Candidate for President-Elect: Susanne Menden-Deuer

Susanne Menden-Deuer

Ph.D. 2004 (Oceanography, School of Oceanography, University of Washington, USA)

 

Biographical Information

I am a full professor, seagoing oceanographer and plankton ecologist at the Graduate School for Oceanography at the University of Rhode Island. My lab’s research efforts include examining how microscopic organisms affect the biogeochemistry of the ocean, particularly predator-prey interactions of singled-celled eukaryotic microplankton. I am involved in collaborative efforts to understand ocean ecosystem function, including serving as part of the NASA EXPORTS science definition team, as co-PI on both the EXPORTS and North East Shelf-Long Term Ecological Research programs, and as a participant in national and international field campaigns. Currently, I serve as a member of the Scientific Steering Committee for OCB and as an Associate Editor for the journals Limnology and Oceanography and Ecosystems and am a mentor for Mentoring Physical Oceanography Women to Increase Retention (MPOWIR). I am committed to justice, diversity, equity, and inclusion in STEM. My first employment after completing a Ph.D. at the School of Oceanography, University of Washington was as a lecturer at Shannon Point Marine Center, Western Washington University, USA in what was then called the ‘Minorities in Marine Science Undergraduate Program’ aimed at enhancing diversity in Marine Science. This appointment was transformative for my career path in many ways. Besides contributing to science leadership and service, I dedicate significant effort to science communication, including through art. My science communication goal is to enhance public understanding of how important the oceans are to the habitability of planet Earth, human health, and happiness.

Candidate Statement

It’s an honor to be nominated to run for President of ASLO. ASLO has been my scientific society home since I participated in my first meeting in the last millennium. I have served as an Associate Editor for L&O, and as a member-at-large on the ASLO Board, where I led the Early Career Committee. Through these experiences I am familiar with how ASLO is run and the challenges and opportunities ahead. I am motivated to help lead ASLO for the long term benefit of all members, current and future. ASLO has significant strengths as a professional society that need to be maintained. On the other hand, we continue to have persistent challenges to engage a diverse membership. ASLO has a responsibility to champion Justice, Equity, Diversity and Inclusion. While enhancing ASLO’s utility to BIPOC scientists is key, there are further opportunities (e.g. accessible career opportunities for differently abled scientists, as our field relies on assistive technology (e.g. Remotely Operated Vehicles, Satellites). Going forward, I want to help support ASLO’s strength in connecting aquatic scientists of diverse backgrounds and create a sense of belonging so that ASLO can benefit from all voices. This will include listening, learning, identifying and removing existing barriers, and putting resources into recruitment and retention. Progress in these areas is a win-win situation, which grows the utility of our scientific expertise for diverse stakeholders and strengthens ASLO as a society for its members.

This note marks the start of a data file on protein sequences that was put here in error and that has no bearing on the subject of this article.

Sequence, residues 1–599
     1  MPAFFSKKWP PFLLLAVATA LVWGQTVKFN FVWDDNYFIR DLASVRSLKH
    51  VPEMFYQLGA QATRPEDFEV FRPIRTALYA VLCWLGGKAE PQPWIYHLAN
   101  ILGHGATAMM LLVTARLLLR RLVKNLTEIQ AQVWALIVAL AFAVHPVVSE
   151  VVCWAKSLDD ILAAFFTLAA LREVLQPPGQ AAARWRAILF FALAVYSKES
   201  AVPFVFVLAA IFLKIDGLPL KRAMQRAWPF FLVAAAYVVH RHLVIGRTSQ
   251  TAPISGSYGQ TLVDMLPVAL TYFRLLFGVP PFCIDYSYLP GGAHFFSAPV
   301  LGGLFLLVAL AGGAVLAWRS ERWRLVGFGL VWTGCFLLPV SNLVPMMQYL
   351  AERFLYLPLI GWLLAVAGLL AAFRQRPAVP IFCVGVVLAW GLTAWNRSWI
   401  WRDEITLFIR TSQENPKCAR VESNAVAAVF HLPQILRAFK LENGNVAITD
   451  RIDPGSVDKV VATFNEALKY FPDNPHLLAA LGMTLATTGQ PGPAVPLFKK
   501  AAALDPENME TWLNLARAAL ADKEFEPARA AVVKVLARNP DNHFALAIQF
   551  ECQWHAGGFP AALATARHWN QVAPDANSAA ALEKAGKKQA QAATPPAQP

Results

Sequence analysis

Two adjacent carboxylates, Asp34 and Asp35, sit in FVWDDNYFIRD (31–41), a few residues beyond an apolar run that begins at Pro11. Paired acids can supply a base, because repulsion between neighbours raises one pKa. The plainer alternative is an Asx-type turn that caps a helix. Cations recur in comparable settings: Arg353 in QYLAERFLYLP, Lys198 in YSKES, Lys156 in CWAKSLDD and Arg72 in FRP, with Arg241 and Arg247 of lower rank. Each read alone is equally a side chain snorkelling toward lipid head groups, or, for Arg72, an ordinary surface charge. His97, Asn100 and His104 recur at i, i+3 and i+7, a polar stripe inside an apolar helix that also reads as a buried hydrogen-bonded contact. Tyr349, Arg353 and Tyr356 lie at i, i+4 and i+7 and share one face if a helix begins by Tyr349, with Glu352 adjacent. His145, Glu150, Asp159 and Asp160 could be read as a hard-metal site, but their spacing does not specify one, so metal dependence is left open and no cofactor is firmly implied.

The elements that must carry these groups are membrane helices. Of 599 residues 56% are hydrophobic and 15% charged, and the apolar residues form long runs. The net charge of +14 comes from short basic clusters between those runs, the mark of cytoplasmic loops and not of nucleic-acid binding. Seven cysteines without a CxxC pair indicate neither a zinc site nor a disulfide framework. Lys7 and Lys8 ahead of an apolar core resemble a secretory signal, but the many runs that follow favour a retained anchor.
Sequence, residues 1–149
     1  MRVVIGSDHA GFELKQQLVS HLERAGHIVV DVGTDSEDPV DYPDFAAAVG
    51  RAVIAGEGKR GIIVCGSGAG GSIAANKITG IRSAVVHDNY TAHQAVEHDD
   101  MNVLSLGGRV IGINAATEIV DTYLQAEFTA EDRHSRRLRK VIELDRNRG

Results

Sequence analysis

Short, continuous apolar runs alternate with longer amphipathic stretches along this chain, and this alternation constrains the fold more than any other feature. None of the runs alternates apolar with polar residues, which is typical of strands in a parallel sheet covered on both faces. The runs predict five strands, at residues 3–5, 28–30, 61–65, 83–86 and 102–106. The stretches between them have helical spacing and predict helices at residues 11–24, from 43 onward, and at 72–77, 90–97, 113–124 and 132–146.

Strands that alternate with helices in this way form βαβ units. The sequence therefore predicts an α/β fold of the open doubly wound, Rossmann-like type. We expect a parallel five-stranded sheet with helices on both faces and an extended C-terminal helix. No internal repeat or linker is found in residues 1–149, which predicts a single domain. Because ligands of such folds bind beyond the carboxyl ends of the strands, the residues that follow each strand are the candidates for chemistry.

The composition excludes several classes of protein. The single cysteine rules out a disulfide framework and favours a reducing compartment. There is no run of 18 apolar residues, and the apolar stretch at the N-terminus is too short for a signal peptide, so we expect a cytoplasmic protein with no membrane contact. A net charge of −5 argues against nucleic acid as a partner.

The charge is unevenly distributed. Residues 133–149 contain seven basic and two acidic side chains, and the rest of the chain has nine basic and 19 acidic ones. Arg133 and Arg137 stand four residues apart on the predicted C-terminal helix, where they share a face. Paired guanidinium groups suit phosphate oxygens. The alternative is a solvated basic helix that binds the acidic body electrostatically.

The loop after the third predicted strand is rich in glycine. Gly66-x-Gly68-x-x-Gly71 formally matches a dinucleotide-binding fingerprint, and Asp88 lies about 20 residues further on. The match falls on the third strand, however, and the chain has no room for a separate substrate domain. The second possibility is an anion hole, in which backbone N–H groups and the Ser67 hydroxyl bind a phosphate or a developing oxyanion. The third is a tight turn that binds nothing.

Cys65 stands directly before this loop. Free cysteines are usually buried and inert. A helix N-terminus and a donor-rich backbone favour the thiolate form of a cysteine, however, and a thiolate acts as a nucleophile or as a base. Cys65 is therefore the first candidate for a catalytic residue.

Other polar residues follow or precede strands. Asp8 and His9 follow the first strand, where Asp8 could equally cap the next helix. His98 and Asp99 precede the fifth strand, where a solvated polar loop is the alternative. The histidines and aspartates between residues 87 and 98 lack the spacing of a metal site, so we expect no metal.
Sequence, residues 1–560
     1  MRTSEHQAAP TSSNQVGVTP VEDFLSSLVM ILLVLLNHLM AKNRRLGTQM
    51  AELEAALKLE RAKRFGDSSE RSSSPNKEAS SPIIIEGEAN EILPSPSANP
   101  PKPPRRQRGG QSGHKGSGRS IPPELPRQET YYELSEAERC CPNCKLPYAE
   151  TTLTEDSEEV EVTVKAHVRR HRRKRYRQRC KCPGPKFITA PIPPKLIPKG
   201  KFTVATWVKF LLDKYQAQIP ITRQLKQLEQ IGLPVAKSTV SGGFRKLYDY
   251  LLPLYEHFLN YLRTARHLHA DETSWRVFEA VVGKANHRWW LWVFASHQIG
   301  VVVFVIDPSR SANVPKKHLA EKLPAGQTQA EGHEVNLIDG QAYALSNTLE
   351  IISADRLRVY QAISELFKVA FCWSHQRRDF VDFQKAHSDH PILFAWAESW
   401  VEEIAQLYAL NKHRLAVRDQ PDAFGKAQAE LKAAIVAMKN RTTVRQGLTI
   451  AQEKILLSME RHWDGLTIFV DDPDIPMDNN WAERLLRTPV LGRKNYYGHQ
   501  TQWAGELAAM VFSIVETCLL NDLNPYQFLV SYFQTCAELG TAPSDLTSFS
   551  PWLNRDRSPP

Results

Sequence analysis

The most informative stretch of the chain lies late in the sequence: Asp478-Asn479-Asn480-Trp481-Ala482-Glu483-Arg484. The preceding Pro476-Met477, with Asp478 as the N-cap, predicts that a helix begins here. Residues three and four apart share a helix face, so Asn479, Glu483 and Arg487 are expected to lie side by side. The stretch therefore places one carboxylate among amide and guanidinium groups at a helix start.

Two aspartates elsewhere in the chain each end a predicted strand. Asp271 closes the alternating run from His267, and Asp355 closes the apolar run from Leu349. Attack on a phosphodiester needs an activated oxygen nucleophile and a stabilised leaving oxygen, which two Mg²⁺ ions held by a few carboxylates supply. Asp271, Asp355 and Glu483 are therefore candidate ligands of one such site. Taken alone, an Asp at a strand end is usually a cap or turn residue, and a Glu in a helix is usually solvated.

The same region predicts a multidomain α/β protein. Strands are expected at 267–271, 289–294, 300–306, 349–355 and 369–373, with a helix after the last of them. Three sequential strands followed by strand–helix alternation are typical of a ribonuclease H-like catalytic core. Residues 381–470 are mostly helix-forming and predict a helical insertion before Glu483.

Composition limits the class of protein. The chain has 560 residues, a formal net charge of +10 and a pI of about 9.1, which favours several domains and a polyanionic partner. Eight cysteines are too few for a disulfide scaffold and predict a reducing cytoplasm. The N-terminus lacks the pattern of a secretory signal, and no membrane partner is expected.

ASLO is operating in a rapidly changing landscape with respect to important member services: publications and meetings. The journals are premier outlets and rightfully occupy the top ranks among aquatic sciences publications. Members enjoy discounts on publications fees which are low in comparison to other journals. However, the funding model for publications is changing. Open access facilitates broad dissemination, but fees are often covered by individual researchers, thus competing with funds for mentees and research. As ASLO president, I will explore opportunities to reduce publication costs, prioritizing support for those for whom publication fees are a particular burden due to lack of support.

With respect to meetings, it is heartening to see that participation in meetings remains strong, despite the global pandemic that has physically separated us but has led to more connections as we are better equipped to connect virtually. The low C footprint and access makes virtual meetings attractive but missed networking opportunities, especially for early career members are a con. Going forward we need to identify and balance the pro’s and con’s to find the best future meeting format. The last few meetings allowed us to run the virtual meeting experiment and collect the data to facilitate the decision making.

During the pandemic, aquatic scientists have continued to discover and experiment under difficult personal and professional conditions. This tenacity and persistence driven by a love for what we do should be shared broadly and celebrated. It will show others just how fantastic and enriching pursuing aquatic sciences is. Our science is key to anticipating, mitigating and adapting to a changing climate and the ramifications of many anthropogenic impacts on aquatic habitats. If elected ASLO President, I would bring my scientific and leadership experience to maintain ASLO’s strengths where our society is strong and facilitate change where it is needed.

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